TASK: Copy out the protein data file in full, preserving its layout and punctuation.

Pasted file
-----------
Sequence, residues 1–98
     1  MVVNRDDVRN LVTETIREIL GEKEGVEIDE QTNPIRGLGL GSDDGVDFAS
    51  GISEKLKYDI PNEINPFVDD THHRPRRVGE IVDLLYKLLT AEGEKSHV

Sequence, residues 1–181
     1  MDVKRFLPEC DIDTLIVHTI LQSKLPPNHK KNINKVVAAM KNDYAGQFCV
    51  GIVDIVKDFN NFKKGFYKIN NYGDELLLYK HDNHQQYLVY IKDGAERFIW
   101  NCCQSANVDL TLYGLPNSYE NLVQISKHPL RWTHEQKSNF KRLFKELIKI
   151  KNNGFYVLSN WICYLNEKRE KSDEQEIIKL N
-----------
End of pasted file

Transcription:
Sequence, residues 1–98
     1  MVVNRDDVRN LVTETIREIL GEKEGVEIDE QTNPIRGLGL GSDDGVDFAS
    51  GISEKLKYDI PNEINPFVDD THHRPRRVGE IVDLLYKLLT AEGEKSHV

Sequence, residues 1–181
     1  MDVKRFLPEC DIDTLIVHTI LQSKLPPNHK KNINKVVAAM KNDYAGQFCV
    51  GIVDIVKDFN NFKKGFYKIN NYGDELLLYK HDNHQQYLVY IKDGAERFIW
   101  NCCQSANVDL TLYGLPNSYE NLVQISKHPL RWTHEQKSNF KRLFKELIKI
   151  KNNGFYVLSN WICYLNEKRE KSDEQEIIKL N